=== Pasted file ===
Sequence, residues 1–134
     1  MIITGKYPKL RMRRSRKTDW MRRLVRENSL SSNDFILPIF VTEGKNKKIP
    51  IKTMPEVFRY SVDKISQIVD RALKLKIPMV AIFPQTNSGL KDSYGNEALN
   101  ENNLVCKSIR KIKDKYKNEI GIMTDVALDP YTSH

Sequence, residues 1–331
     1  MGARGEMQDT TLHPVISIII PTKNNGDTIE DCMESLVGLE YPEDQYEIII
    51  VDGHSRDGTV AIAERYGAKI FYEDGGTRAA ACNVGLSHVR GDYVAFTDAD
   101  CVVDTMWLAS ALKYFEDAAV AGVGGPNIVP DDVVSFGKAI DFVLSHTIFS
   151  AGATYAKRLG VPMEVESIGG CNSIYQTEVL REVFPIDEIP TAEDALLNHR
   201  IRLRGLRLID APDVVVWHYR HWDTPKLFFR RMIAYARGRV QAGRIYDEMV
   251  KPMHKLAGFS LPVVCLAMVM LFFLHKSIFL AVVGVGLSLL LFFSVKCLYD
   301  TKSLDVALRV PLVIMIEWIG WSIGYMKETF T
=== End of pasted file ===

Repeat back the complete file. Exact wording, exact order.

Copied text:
Sequence, residues 1–134
     1  MIITGKYPKL RMRRSRKTDW MRRLVRENSL SSNDFILPIF VTEGKNKKIP
    51  IKTMPEVFRY SVDKISQIVD RALKLKIPMV AIFPQTNSGL KDSYGNEALN
   101  ENNLVCKSIR KIKDKYKNEI GIMTDVALDP YTSH

Sequence, residues 1–331
     1  MGARGEMQDT TLHPVISIII PTKNNGDTIE DCMESLVGLE YPEDQYEIII
    51  VDGHSRDGTV AIAERYGAKI FYEDGGTRAA ACNVGLSHVR GDYVAFTDAD
   101  CVVDTMWLAS ALKYFEDAAV AGVGGPNIVP DDVVSFGKAI DFVLSHTIFS
   151  AGATYAKRLG VPMEVESIGG CNSIYQTEVL REVFPIDEIP TAEDALLNHR
   201  IRLRGLRLID APDVVVWHYR HWDTPKLFFR RMIAYARGRV QAGRIYDEMV
   251  KPMHKLAGFS LPVVCLAMVM LFFLHKSIFL AVVGVGLSLL LFFSVKCLYD
   301  TKSLDVALRV PLVIMIEWIG WSIGYMKETF T